The Chinese regime under Xi Jinping recently disciplined a number of private companies that have close ties with Xi’s political opponent, the Jiang Zemin faction. The series of crackdowns caught Wall Street by surprise.
China’s ride-hailing giant Didi was punished by the authorities soon after it went public in the United States, causing its share price to instantly plummet by 20 percent. This has brought confusion to Wall Street, which now has two voices on the prospect of investment in China.
Financial tycoon George Soros believes it is unwise to invest in China for the time being, while BlackRock, the world’s largest asset manager, thinks otherwise.
“The Chinese market represents a significant opportunity to help meet the long-term goals of investors in China and internationally,” BlackRock Chairman Larry Fink wrote in a recent letter to shareholders.
However, Mike Sun, a New York-based China investment strategy consultant for nearly 30 years, believes that Xi is telling Wall Street in his own way that the rules of the game have changed.
On Oct. 12, Chinese authorities launched a large-scale inspection of 25 financial institutions, including major state-owned banks, stock exchanges, and investment companies in the financial sector. Performed by the Central Commission for Discipline Inspection (CCDI), this inspection was unprecedented.
China’s financial industry is the supply line for China’s once-booming real estate industry. Corruption permeates along this supply line, and the real estate bubble is growing bigger and bigger.
In communist China, the political and business circles are actually integrated. A large enterprise often involves the interests of one or several powerful families.
The Jiang Zemin Faction
Xi’s sweeping anti-corruption campaign in the past nine years has taken down thousands of corrupted officials, including leaders of the Chinese Communist Party (CCP). At this point, there is no retreat for Xi. If he ever loses power, even his life is in danger.
Although the CCDI cited “maintaining national economic and financial security” as the reason for inspecting the 25 financial institutions, it is well known that China’s economics, especially the financial sector, has been dominated by the Jiang faction for years.
In 2015, a financial disaster hit Chinese society really hard. At the beginning of that year, the stock markets in Shanghai and Shenzhen showed a frantically rising trend, forming a “nationwide bull market.” Then, from June 15 that year, both Shanghai and Shenzhen stock markets plummeted across the board. In less than a month, the market value of the stock market had evaporated by more than $3 trillion.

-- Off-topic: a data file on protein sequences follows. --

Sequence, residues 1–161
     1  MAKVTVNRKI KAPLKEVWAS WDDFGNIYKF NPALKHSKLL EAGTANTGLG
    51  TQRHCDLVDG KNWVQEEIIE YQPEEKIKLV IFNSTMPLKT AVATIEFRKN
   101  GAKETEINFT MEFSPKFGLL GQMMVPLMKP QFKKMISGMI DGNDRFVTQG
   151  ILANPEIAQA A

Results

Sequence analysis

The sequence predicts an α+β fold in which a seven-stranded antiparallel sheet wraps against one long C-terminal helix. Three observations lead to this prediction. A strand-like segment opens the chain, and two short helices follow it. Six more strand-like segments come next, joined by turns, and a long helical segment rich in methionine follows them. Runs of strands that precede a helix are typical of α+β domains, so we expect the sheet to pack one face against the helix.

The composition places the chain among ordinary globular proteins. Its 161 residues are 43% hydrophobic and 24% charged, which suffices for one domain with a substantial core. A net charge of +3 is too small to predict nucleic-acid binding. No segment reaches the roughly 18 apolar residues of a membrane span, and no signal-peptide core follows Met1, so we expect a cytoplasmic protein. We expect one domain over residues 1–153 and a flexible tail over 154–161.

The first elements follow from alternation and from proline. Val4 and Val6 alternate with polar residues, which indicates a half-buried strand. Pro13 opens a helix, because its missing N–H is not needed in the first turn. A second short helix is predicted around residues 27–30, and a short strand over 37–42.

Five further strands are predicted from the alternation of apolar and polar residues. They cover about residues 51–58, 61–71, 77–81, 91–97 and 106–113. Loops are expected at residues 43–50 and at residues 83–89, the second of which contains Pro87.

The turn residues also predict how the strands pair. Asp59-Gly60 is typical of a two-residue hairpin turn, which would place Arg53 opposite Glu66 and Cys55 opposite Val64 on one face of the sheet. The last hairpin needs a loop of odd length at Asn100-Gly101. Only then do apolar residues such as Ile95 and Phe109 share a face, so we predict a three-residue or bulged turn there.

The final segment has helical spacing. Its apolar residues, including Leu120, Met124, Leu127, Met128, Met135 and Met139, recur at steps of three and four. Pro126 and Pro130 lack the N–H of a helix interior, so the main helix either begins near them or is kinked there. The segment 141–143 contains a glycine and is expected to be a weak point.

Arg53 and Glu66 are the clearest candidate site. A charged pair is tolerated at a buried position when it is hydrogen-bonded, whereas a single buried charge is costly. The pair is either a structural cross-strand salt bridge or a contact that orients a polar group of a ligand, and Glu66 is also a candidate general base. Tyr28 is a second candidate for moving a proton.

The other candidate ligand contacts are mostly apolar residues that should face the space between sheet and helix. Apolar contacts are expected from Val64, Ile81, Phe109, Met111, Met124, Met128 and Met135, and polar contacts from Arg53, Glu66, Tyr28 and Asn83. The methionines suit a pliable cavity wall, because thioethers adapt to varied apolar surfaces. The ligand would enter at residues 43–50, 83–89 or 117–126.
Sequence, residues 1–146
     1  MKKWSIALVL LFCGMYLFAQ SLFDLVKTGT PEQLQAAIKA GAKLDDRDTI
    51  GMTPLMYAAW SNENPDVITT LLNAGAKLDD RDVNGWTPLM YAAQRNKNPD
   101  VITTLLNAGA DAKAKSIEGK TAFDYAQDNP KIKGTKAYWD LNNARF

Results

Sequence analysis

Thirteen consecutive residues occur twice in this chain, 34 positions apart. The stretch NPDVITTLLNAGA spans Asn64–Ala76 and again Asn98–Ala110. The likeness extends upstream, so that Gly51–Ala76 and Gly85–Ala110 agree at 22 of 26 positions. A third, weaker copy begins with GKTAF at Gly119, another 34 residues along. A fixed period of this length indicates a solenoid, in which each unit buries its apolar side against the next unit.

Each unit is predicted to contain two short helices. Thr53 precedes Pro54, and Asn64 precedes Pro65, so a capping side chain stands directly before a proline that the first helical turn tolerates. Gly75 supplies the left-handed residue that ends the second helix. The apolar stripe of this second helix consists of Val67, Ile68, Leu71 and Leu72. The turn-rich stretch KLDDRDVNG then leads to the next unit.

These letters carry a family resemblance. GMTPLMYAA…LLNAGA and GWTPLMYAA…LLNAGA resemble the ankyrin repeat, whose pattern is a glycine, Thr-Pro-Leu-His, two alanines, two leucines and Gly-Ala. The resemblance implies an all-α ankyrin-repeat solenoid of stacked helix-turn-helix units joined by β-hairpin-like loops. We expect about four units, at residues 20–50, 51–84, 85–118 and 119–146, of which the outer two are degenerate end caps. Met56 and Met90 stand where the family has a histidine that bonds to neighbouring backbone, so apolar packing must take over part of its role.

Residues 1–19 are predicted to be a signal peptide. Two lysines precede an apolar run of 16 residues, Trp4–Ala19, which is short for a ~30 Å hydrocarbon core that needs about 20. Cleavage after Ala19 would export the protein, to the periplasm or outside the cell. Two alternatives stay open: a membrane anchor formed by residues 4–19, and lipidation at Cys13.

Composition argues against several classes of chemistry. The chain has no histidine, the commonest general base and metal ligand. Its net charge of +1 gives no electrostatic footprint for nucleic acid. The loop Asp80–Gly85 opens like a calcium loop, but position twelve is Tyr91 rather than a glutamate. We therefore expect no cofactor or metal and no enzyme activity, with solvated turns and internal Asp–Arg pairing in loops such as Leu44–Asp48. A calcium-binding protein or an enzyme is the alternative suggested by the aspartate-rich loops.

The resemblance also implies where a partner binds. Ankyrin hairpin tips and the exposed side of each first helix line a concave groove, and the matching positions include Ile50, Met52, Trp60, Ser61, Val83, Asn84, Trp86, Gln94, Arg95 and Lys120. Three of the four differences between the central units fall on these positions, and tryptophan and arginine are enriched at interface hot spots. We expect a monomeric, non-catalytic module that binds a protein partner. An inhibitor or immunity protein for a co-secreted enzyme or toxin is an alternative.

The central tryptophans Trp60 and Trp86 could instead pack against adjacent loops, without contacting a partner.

The CCP’s Ministry of Public Security launched an investigation into the abnormal stock performance, and found that the three major securities firms, CITIC Securities, Haitong Securities, and Guosen Securities were accused of assisting “malicious short selling” in the Chinese stock market. Yao Gang, then vice chairman of the China Securities Regulatory Commission, along with others, cooperated from within.
Insiders later revealed that key members of the Jiang faction had been involved, and Xi regarded the incident as a financial coup.
The business and financial circles have been ticking time bombs to Xi’s governance. Presently, he is trying to reverse the situation, by breaking and reorganizing the power and money structure behind these sectors, and eventually replacing the current dominant force with his own people.
Xi’s True Goal
Award-winning journalist Simone Gao, when sharing her views on her Youtube channel, pointed out that cracking down on private tech giants is not Xi’s goal, but a path Xi has to take to discipline the power structure behind the tech companies. On the other hand, the Xi administration knows clearly that it needs external funds, Gao said.
Wall Street was caught off guard by Xi’s swift move. Before the Wall Street tycoons figured out what was going on, Xi had begun to “redesign the cake-sharing scheme.” That is, he is trying to choose new partners inside Wall Street in order to get rid of Jiang’s influence.
Blackstone recently abandoned its $3.05 billion offer to acquire SOHO China, as the CCP’s regulatory authorities did not give the green light to the transaction. SOHO China’s HKEX-listed stock dropped by 35 percent when the news was released to the public on Sept. 10.
In contrast, BlackRock became the first foreign company to be fully approved to sell public fund products to Chinese retail investors in June this year. At present, there are several such international financial firms undergoing review by the Chinese authorities in order to enter the Chinese market.
According to Gao, Xi does not intend to shut the door to Wall Street, he just wants to take control.
“Xi does not want companies such as Morgan Stanley and Goldman Sachs to invest large sums of money in Jiang Zemin’s grandson’s companies and get financial privileges in China. Xi wants to take this privilege into his own hands. If Wall Street wants to make money in China, it will have to come talk to the Xi Jinping government and get Xi’s consent,” Gao said.
Sun believes that Xi is making these huge moves because he hopes to complete the disciplinary actions on the financial sector before his projected re-election next year, so as to make sure that there won’t be another “financial coup” like the one in 2015.
China’s economic structure is changing with the dramatic changes in China’s political arena.